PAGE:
For smooth panning effect, go by the steps mentioned for keyframes’ slope to curves shift, in Control Volume Paragraph.
A single, smooth pan effect will look like this.
Level Your Audio –
Right click on your audio clip and select gain. Set normalize all peaks to -3dB, this way all the high-points in your audio will be levelled to not go beyond -3dB and be distorted. Now to level the low volume parts, go to the Effects panel, search “Dynamics” under Audio Effects, drag and drop it on your audio clip. Go to the Effects Control panel, choose Edit under Dynamics effect, now for our purpose, notice the area in your audio track waveform where volume is really low, say it comes out to be -20dB, check Compressor and in its Threshold, set the same value. Then add 5dB to it, which becomes 15dB, set this value on MakeUp. What this does is any sound within that clip sounding as low as -20dB will be bumped up by 15dB. Now check Limiter and set its Threshold to -3dB that way high volume sounds won’t peak beyond that. This was to give you a gist of how levelling basics work, values in dB may vary as per your needs.
Fade-In and Fade-Out –
To use traditional fading effects quickly go to the Effects panel, search crossfade in Audio Transitions, drag and drop constant power at the end or starting of your audio clip. You will hear your audio smoothly fading in/out. You can apply it between two adjacent clips as well, to hide bumps. Try your hand at the other two crossfade effects and see which suits your senses. In the Effects Control panel you can extend the length of crossfades as well. Fading can also be done by use of keyframes. Set two keyframes at the start of the clip, one for total fade-in and another at a desired distance to reach and maintain the actual clip volume. For fade-out follow the same process. Right click on these keyframes and set the curves to bezier for smooth fading. To crossfade, with more control, without the use of effects, simply stack two audio clips, one on the other, fade-out the first clip that playhead will play and then fade-in the next clip.
When the camera-view gets closer to an object/subject in a shot or vice-versa, up the volume of the corresponding audio. This adds to the emphasis you are trying to achieve in a given shot.
Tips and Tricks
Maximize view of your timeline
Go to the edit menu, select keyboard shortcuts, below colorful keyboard layout, in the search bar, type “maximize or restore frame under cursor”, now learn this shortcut or change it to any of your preference, hit Ok and move cursor over your audio timeline, and press that shortcut key. You can use this key as a toggle for maximizing or restoring view of any panel. Maximized timeline panel will look like this.
Double click on audio-track (near the area where you can spot “M” and “S” icons). This will expand the view of the track. Now right-click on the same area, select ‘customize’, drag and drop the A1 icon onto the space right-next to the sound-recorder icon. This will identify your first track as Audio 1 and then Audio 2, 3 and so on as you further add the sound layers. Collapse expanded view by double-clicking on it. Right-click on track names to rename them with, SFX, Ambience, Music, Foley, etc. for clarity. These names will also appear when you’d work on Audio Clip or Audio Track mixers, making the process much easier.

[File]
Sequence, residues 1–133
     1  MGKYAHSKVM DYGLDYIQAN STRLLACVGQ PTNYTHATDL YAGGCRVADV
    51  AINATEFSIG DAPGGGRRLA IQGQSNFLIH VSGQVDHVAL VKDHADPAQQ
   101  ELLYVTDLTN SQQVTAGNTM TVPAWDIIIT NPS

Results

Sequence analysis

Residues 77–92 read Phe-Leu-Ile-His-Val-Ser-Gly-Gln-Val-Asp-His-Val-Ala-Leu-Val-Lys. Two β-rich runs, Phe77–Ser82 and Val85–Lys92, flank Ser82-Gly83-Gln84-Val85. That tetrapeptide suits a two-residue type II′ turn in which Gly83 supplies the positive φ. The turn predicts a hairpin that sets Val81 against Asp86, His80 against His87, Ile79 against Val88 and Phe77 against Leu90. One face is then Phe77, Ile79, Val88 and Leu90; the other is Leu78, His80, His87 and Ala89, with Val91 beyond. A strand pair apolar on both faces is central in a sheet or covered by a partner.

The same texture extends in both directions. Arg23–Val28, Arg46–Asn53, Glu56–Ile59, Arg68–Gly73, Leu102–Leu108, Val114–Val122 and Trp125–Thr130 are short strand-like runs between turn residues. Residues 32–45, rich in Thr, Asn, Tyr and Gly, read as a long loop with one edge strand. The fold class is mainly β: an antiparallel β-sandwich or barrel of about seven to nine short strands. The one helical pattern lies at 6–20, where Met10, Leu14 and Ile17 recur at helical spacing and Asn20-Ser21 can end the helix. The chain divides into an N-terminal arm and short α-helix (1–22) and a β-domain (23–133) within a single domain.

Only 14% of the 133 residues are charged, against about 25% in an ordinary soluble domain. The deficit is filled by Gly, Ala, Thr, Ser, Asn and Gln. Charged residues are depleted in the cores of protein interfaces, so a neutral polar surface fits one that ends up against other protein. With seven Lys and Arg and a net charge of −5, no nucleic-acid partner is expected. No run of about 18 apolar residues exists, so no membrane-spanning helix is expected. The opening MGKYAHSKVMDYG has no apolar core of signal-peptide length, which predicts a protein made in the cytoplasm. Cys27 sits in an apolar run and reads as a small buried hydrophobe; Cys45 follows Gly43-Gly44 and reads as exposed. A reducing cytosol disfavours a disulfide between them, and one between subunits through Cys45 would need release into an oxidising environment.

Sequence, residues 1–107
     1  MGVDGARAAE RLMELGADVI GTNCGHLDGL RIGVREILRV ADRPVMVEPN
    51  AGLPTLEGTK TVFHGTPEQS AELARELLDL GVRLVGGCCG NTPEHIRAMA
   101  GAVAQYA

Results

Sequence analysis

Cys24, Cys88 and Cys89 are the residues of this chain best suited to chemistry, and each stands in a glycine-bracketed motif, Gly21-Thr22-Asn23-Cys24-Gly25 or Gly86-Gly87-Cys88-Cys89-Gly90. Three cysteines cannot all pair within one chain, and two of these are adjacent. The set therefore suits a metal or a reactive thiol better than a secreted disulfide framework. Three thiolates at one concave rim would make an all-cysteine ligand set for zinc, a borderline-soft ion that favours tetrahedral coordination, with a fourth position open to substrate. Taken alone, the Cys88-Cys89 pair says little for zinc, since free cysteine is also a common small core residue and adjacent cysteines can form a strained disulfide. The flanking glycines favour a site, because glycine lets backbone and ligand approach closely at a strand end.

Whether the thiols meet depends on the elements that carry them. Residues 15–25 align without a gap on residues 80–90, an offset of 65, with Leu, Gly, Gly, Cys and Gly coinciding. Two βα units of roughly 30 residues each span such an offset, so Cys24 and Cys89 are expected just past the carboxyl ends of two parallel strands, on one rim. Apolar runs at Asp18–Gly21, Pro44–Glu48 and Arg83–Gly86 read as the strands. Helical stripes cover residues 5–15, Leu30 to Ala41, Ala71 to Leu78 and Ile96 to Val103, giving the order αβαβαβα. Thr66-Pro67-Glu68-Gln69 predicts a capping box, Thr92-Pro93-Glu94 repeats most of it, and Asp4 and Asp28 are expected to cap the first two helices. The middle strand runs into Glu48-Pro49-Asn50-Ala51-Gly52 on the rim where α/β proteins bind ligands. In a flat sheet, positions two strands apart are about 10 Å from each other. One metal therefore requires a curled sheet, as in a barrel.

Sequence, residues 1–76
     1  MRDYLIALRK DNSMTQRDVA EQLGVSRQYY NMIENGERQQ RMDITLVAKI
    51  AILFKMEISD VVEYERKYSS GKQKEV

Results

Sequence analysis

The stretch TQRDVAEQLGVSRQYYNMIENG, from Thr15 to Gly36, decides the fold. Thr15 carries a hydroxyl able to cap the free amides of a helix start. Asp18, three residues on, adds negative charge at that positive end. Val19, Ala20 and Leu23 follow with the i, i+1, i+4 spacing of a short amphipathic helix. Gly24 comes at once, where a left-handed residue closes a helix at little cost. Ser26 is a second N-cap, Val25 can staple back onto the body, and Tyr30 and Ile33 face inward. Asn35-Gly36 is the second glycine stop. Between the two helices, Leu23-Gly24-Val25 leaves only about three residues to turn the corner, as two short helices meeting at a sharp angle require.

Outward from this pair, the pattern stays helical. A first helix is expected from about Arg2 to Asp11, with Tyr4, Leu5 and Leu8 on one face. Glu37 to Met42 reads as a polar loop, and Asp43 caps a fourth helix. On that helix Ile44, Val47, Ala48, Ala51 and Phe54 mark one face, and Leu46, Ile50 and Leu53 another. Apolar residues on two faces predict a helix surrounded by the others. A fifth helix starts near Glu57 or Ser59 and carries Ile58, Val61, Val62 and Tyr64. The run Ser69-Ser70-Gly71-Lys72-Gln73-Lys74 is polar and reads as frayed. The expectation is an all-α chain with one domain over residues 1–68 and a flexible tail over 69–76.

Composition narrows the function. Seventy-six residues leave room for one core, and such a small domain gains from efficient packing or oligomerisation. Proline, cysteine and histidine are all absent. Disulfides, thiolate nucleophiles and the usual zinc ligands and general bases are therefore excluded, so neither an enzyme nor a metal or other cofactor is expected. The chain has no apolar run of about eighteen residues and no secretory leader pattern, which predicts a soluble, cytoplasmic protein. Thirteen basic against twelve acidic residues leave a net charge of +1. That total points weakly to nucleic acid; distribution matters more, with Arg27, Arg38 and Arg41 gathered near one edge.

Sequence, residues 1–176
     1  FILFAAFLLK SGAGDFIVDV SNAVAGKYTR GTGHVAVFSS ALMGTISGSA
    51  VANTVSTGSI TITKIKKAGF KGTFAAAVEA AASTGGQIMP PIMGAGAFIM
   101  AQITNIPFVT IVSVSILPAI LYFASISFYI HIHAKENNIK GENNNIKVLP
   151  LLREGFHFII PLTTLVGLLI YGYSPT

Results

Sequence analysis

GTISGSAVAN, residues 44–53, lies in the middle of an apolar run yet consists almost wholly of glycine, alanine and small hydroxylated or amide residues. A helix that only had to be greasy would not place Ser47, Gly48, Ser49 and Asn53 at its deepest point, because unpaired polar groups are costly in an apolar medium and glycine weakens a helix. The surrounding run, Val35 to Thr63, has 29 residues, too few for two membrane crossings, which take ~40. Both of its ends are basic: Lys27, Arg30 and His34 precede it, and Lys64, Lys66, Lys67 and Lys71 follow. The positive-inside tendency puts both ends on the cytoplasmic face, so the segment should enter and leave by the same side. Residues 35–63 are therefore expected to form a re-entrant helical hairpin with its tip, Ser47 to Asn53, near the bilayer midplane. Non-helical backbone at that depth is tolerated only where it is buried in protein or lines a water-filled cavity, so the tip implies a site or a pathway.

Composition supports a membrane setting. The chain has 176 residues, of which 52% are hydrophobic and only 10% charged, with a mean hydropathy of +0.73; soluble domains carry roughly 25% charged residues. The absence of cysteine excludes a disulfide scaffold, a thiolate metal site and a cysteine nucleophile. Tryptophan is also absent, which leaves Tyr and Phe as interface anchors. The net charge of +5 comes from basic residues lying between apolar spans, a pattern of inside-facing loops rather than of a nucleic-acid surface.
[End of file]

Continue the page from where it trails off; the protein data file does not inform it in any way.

Precisely Position the Tracks
To fine tune the position of the track on timeline, select the track, press Z to zoom-in, now press Alt + Left/Right-arrow key to move the clip by 1 frame. To move the clip by 5 frames, press Alt + Shift + Left/Right.
Move to Start/End of a Track
Click to enable Toggle the track targeting for this track , for all the tracks as displayed below.
Now using up and down arrows keys to move the playhead, you will be able to jump from the start to the end of each clip. This will eliminate the need to drag the playhead with the cursor every time to reach the start/end of the clip.
Set In and Out points –
You can set in and out by pressing I for in-point and O for out-point.These points define the area which the playhead will cover when you hit play/spacebar. You can also choose the loop option in the program monitor panel for the selected portion to play in a loop. To remove in and out points, press CTRL+SHIFT+X or assign this function a new combination of keys in keyboard shortcuts. You can also export the chosen clip area between in and out points, separately.
Mute track – Click and select M icon present at the right end of the audio timeline. This mutes the particular track while you play other tracks at the same time.
Solo track – Click and select S icon present at the right end of the audio timeline. This mutes other tracks and plays the particular track which is selected.
The whole purpose to design sound is to complete the experience you want to convey with your videos. Hence the design must be subtle and each element in it should blend seamlessly with other elements. We will be covering more insights, tips and tricks on how to design sounds in Premiere Pro so stay tuned for more!